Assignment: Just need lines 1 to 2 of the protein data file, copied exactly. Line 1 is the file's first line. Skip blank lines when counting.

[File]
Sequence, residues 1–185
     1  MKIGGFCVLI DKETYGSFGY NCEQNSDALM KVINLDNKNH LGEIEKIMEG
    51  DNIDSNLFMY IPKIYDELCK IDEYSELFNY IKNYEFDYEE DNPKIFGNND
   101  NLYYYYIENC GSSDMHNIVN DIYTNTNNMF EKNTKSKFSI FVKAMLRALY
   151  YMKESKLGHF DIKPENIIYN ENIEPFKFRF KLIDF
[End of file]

Sequence, residues 1–185
     1  MKIGGFCVLI DKETYGSFGY NCEQNSDALM KVINLDNKNH LGEIEKIMEG